Decision making in groups
I find it fascinating how animal groups (including humans) make decisions. If collective action is to take place, groups of animals need to reach agreement on a decision. However, communication is frequently only local (you talk only to “neighbors” in your group), and there is frequently no exterior intelligence that polls and integrates the information from all members of the population. How is it possible to reach a global decision, given that information is exchanged only locally?
There has been quite a bit of work on this question. For instance, when choosing a new place for a hive, honeybees will communicate to each other the location of a promising spot using a waggle dance (Seeley, et al. Science, vol. 335 (6064) pp. 108-11). Scouts will head-butt a dancing bee who is signaling a competing location. Competing factions thus mutually inhibit each other. The winning faction is the one that out-butts the others. Presumably, this faction was also larger, or more vigorous in promoting a new spot because the spot was actually better.
In a related study, a number of models have been used to examine the impact of a vocal, opinionated minority in making collective decisions (Couzin, et al. Science, vol. 334 (6062) pp. 1578-80). In a head-to-head competition with a less opinionated majority, the smaller group can carry the day. This advantage disappears in the presence of a population of individuals that do not belong to either group. This uninformed group seems to temper the influence of a strident minority. Experiments with schooling fish provided nice support for the theory.
However, there is something quite puzzling about the flow of information in groups. Consider the case of a jury in a trial. Each juror forms an independent opinion about the guilt or innocence of a defendant during the trial. During the deliberation information is exchanged, and opinions become more correlated. In fact, in the absence of complete agreement a mistrial is declared (think of the Twelve Angry Men as an example).
Would we be more likely to reach the right decision if jury members were barred from discussion between themselves, and we simply followed the decision of the majority? This may sound counterintuitive, but it is not at all clear that deliberation increases the collective wisdom of the group. A shrill minority may effectively promulgate its views in such small groups. Indeed, Daniel Kahneman suggests that the increased correlation that results from discussion decreases the quality of decisions. He urges that all participants in a meeting write down their opinions before any discussion takes place, and that these initial opinions carry significant weight in the eventual decision.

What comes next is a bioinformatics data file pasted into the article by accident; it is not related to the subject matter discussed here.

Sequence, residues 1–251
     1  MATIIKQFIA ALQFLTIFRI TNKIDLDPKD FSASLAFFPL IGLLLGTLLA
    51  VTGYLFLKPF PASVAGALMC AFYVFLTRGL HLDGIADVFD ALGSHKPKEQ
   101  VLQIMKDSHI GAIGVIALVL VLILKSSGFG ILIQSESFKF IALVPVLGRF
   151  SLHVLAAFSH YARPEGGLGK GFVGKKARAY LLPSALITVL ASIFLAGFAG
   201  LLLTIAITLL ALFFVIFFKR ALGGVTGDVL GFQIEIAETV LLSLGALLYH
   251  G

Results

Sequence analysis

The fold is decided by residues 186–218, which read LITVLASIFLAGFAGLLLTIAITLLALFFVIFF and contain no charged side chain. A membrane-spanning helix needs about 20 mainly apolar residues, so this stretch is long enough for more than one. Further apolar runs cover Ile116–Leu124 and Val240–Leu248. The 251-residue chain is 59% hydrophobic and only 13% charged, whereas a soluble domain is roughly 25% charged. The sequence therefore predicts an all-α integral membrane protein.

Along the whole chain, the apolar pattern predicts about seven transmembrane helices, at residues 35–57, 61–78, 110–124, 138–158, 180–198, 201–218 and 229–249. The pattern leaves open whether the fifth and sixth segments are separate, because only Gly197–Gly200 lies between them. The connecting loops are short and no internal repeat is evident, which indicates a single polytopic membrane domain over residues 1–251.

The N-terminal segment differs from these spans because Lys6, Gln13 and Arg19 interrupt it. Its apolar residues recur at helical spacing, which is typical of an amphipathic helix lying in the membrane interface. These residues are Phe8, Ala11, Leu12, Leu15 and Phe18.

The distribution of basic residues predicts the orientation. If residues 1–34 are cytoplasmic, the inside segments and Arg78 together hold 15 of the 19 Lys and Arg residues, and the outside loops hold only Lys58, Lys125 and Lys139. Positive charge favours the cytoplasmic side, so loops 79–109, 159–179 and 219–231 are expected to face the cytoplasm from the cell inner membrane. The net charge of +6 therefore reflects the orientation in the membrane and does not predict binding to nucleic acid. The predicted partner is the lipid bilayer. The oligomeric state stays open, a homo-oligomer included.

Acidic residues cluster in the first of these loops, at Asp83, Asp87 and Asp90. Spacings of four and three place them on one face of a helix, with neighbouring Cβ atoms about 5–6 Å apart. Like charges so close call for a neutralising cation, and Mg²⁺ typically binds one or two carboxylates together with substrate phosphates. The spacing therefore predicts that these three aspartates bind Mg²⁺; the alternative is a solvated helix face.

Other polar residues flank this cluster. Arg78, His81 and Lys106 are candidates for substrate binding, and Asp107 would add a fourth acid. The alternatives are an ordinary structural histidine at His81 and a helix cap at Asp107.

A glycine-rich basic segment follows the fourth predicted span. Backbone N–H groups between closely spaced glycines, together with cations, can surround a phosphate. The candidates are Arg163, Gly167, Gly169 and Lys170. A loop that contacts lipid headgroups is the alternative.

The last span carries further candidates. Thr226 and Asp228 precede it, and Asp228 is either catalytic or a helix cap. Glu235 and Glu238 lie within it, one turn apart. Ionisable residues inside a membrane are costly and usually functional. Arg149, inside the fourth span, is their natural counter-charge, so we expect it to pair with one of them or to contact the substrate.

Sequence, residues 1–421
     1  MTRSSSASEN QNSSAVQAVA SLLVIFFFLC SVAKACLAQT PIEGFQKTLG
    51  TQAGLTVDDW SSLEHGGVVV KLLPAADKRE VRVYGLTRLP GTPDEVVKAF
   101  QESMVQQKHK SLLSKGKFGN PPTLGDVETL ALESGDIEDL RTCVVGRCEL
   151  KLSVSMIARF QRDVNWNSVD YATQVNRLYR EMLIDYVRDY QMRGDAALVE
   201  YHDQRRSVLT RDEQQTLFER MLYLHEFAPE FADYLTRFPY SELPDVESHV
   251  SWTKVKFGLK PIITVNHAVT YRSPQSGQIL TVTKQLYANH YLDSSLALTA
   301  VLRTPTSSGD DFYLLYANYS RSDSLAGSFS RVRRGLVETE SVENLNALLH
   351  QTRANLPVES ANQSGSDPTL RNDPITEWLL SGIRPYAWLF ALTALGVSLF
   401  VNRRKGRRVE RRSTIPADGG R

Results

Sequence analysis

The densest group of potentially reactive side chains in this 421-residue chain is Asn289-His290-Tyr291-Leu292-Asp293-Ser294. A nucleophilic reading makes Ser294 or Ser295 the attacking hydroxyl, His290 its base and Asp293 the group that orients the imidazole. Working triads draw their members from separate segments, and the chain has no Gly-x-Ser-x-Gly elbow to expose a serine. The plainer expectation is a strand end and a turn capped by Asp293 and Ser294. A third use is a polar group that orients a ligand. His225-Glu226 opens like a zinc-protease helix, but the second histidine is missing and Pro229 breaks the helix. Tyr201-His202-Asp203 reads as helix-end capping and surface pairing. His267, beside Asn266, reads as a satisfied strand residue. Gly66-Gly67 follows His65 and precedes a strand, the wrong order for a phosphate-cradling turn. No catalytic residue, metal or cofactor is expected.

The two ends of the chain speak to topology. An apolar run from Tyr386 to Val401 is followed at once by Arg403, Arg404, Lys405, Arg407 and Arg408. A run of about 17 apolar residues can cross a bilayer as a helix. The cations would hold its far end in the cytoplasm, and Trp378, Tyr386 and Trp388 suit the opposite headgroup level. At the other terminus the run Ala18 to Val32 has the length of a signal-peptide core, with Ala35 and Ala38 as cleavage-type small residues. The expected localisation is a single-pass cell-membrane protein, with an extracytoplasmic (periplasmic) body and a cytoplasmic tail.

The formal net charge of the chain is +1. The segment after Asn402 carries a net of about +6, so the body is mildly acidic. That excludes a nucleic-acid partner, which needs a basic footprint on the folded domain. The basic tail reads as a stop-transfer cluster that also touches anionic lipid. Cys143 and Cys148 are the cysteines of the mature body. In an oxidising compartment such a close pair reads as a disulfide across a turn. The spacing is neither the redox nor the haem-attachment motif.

I’m somewhat new to this, but I am interested in understanding what allows for good information transfer in groups of individuals. The information available to an individual may increase, and individual decisions may become better. However, the data processing inequality suggests that however the exchange occurs, the information of the collective as a whole will only decrease. Again, this assumes that some external intelligence has access to all the information, and can make decisions based on this complete information. The problem is that groups are constrained in how they make decisions – for instance, going with the majority of a group may be suboptimal for somebody who can gather and assess information from all individuals in a group. However, it may be close to optimal in other circumstances.
Surprisingly, the process of sharing information is not always detrimental. In a recent paper, Mossel and Tamuz show that individuals in a network can reach an optimal decision (or estimate) even though they are restricted to exchanging information only with their neighbors. Surprisingly, it seems essential that the network is recurrent, i.e. that there is a path of communication between any two individuals in the network. The model is somewhat idealized, as all individuals know the exact structure of the network, as well as the belief or quality of the initial estimate of everyone else in the network. Still I find it amazing that as the estimate becomes more correlated among individuals in the group, it also becomes better. Each individual exchanges information locally. Yet, in finite time the estimate of each individual equals that of an intelligence that is able to gather complete information from all individual in the network.
This is an example of an essentially perfect exchange of information in a network. Are there other mechanisms to achieve this? Maybe more importantly, can we test whether groups of animals or social groups can integrate information locally so as to make near optimal collective decisions? I think these are very important questions, that will be examined extensively in the near future.